I am in awe of Katherine after we first talk on the phone. These past couple of years, she’s been doing everything possible to prevent Tom, her long-time husband, from mental decline. Every week they go together to exercise classes specifically tailored to elderly folks with cognitive challenges. Most mornings they walk the dogs to the local coffee shop, where Tom bought the paper and they read the headlines together. They travel locally and across the coast to see family and friends. Our conversation reminds me of the daily support my grandfather has provided, and continues to provide, for my grandmother in the wake of her stroke four years ago.
A few days later, Katherine opens the door for me. Bubba and Chuck wag their tails and greet me, despite my post-biking sweatiness and helmet hair. I have a flutter of nerves in my stomach. I’ve volunteered with all kinds of people and have been trained by Mon Ami, though this will be my first time working with someone with dementia. In the family room, I see an older gentleman, looking around for something he seems to be missing. Katherine introduces me to him, and gives me dating-app-style stats about him: Tom was influential in the spread of emergency rooms across California, a proud Stanford alumnus, an accomplished long-distance sailor, and a lover of sweets. We agree that we will use most of this two-hour visit to get to know each other and to play Scrabble, an old favorite of both his and mine.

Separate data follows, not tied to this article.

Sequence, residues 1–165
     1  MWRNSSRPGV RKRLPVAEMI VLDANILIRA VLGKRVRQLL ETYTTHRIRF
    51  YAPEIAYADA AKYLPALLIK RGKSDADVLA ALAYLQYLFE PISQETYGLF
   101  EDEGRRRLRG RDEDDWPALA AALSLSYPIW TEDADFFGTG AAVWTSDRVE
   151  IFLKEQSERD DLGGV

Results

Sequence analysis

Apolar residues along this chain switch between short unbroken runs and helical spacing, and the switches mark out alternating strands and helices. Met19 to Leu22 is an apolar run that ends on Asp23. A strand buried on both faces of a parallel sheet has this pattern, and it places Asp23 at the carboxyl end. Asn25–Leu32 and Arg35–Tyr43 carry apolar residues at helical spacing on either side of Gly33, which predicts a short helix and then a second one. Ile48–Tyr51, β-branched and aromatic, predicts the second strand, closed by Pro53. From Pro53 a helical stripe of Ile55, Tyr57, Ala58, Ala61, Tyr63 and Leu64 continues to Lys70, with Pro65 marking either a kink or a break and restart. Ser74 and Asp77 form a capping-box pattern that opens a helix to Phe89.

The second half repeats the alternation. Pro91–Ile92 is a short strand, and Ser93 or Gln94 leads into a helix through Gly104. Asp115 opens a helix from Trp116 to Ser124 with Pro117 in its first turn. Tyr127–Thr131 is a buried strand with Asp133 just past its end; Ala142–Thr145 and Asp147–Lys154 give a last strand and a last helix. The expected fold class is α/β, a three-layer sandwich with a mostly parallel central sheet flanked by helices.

Katherine goes upstairs to work, and I am left on the couch with Tom. I still feel the flutter in my stomach as I start our conversation: what do you like doing every day? How was your time at Stanford? Where’s your favorite place in town? Most answers are generic: a little bit of this, a little bit of that. I enjoyed it. I go all over the place, there’s so many places to choose from.
He asks me several times about where I live and what I do. A feeling of anxiety and despair clouds the flutter. Am I doing this right?
When I ask about sailing, Tom speaks more specifically and passionately. He tells me about how he captained a sailboat from Hawaii to Tahiti, navigating by the night sky and sextant. My brain twinkles with stars as I see Tom on the prow of a sailboat, searching for Polaris. I ask him twice what a sextant is.
Over the course of the next 90 minutes, we ease between generic conversation and these vivid portraits of the past. Toward the end of our time together, Tom says he needs to check with Katherine about what business he has to take care of. Katherine comes down with Tom and asks all about our time together. I tell her what a sextant is.
Now, Tom and I take Bubba and Chuck on walks to the local coffee shop. We read the headlines and I talk to Tom about everything from the San Francisco mayoral race to Facebook’s data privacy policies. Sometimes my questions get vague dead ends; sometimes they lead to ethical dilemmas in emergency medicine. I still get asked where I live and what I do, though Tom is more comfortable with me every time I visit. I feel lucky and privileged that Katherine has let me into her life, and that I get to witness the loving world that she and Tom continue to create together.
Kyle Engelmann has a degree in Neuroscience and Public Health from Johns Hopkins. He just completed his graduate studies at Stanford.